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If we understand the Enlightenment as valuing reason over received authority, privileging individual thinking and reasoning, and relying on systems of classification (including, prominently, racial classification), then the novel in many ways illustrates enlightened thought of the early 18th century (which may not, in some ways, seem "enlightened" to us).
Robinson Crusoe's religious faith will grow as a result of his island stay, but when he first becomes shipwrecked, he initially responds very rationally to his predicament, by heading out to the wrecked ship before it sinks and gathering all the supplies he can, then carefully planning and setting up his new home. Unlike in Shakespeare's The Tempest, another story of shipwreck on a deserted island, there is no supernatural presence to make sure magical deliverance occurs. Crusoe is forced to survive by his own wits and his own rational calculations. He plans for what he needs to plant, and what and where he needs to build. He uses reason and experimentation to learn to make pottery, and he finds way to keep track of time and measure out spaces. He acts as an economic rationalist, sacrificing leisure to grow barley and to dry grapes into raisins.
Even Crusoe's growing religious faith is enlightened, based on his own reason and interiority, not merely on accepting received authority from other people. As he is left for years without any human contact, he must learn to think for himself.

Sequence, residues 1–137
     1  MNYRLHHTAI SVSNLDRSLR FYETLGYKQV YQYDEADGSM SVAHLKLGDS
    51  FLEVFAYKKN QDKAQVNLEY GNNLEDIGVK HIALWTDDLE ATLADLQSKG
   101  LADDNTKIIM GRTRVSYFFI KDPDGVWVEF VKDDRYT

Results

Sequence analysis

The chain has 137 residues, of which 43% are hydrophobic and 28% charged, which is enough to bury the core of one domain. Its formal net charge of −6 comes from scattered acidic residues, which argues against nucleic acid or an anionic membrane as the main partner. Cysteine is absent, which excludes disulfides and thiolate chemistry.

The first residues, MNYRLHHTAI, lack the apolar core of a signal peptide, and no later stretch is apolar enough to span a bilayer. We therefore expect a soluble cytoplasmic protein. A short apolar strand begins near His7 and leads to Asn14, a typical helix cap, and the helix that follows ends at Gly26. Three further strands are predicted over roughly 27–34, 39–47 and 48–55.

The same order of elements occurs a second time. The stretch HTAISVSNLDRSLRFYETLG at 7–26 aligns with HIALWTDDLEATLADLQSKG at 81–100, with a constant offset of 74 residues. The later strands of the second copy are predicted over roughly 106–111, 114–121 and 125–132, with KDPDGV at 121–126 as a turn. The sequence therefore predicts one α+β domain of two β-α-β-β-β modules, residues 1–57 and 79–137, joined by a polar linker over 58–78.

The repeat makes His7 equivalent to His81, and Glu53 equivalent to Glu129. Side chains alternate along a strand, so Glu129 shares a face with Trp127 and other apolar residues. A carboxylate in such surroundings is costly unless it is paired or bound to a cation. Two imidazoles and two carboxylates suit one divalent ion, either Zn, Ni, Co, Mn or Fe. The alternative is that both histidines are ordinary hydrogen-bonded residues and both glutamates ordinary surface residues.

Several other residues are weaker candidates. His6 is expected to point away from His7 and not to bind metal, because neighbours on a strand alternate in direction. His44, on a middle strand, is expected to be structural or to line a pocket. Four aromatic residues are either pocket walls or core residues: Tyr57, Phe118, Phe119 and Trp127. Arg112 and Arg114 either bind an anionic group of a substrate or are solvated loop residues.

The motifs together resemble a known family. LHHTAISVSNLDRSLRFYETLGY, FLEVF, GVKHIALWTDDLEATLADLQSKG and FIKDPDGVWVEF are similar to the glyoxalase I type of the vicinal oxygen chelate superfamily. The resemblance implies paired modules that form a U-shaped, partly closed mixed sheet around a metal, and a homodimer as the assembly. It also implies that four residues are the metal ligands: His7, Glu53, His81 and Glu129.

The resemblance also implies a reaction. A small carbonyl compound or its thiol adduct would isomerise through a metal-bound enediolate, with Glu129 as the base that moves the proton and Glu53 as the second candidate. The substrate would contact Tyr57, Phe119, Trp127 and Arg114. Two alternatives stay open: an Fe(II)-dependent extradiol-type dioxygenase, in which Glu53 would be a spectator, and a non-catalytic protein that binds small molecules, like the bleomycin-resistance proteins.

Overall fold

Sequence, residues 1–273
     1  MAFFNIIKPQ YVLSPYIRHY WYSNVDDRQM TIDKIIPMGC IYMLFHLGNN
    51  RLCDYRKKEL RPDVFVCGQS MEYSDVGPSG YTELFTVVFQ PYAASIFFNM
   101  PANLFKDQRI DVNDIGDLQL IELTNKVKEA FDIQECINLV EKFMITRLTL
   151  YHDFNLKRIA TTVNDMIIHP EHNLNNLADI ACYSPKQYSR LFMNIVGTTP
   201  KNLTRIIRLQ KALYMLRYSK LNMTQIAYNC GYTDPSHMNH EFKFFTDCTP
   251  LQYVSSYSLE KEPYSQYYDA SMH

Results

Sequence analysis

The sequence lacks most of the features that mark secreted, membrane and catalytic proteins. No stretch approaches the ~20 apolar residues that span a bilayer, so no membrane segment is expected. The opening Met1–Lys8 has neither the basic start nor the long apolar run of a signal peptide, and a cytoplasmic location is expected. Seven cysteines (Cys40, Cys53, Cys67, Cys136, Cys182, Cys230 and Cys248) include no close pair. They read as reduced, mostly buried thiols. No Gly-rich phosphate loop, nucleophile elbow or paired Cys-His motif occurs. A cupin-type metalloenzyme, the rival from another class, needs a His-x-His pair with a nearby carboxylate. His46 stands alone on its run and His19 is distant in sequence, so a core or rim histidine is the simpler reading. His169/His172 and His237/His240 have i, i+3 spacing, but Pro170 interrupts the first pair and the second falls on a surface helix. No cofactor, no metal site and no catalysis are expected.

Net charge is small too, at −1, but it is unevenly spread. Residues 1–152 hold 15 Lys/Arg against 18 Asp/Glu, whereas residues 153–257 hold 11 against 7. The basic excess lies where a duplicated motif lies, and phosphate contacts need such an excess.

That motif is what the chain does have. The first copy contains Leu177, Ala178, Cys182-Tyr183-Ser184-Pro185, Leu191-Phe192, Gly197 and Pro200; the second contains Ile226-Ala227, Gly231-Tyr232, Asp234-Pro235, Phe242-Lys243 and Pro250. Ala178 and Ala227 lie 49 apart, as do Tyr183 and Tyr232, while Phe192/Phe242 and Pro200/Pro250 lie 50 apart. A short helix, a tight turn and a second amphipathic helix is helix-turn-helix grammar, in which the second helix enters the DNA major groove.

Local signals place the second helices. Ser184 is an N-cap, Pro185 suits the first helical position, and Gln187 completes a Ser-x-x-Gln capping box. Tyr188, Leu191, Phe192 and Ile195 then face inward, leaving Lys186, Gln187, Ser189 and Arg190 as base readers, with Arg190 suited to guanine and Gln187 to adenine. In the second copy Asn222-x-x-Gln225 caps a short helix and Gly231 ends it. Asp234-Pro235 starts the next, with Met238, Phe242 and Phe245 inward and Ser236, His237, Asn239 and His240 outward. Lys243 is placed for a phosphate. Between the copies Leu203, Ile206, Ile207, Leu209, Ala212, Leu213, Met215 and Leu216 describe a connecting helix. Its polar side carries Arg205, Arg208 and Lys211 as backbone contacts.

Finally, when Crusoe does meet and become friends with Friday, a native, the relationship is based on Enlightenment notions of race and hierarchy. While the two do become friends, the relationship is always predicated on Crusoe's sense of his superiority as a white European.
While Robinson Crusoe was written during the Age of Enlightenment, it contains largely spiritual themes as opposed to enlightenment ideas. The difference between religious enlightenment and the Age of Enlightenment is the latter's promotion of science and reason over spirituality.
Crusoe defines his stay on the island with personal responsibility and practical thinking; while he comes to a religious conversion because of his unconscious guilt (he has been very lucky in surviving, but has not given proper thanks), Crusoe takes his life into his own hands, using his knowledge and personal abilities to survive rather than trusting entirely in his new-found faith. His prior actions, taking off for the sea in defiance of his father's wishes, are typical of the anti-authoritarian enlightenment attitude, as are his mistakes in figuring out how to survive on the island.
Possibly the most significant example of Enlightenment-Age ideas is Crusoe's relationship with Friday; although they act as master and slave, Crusoe discovers that Friday is perfectly intelligent and capable of reasoning, not an ignorant savage, and they become more like friends as the story goes on. Friday's sympathetic treatment, instead of a role as unseen slave laborer, is typical of the evolving views of race relations.
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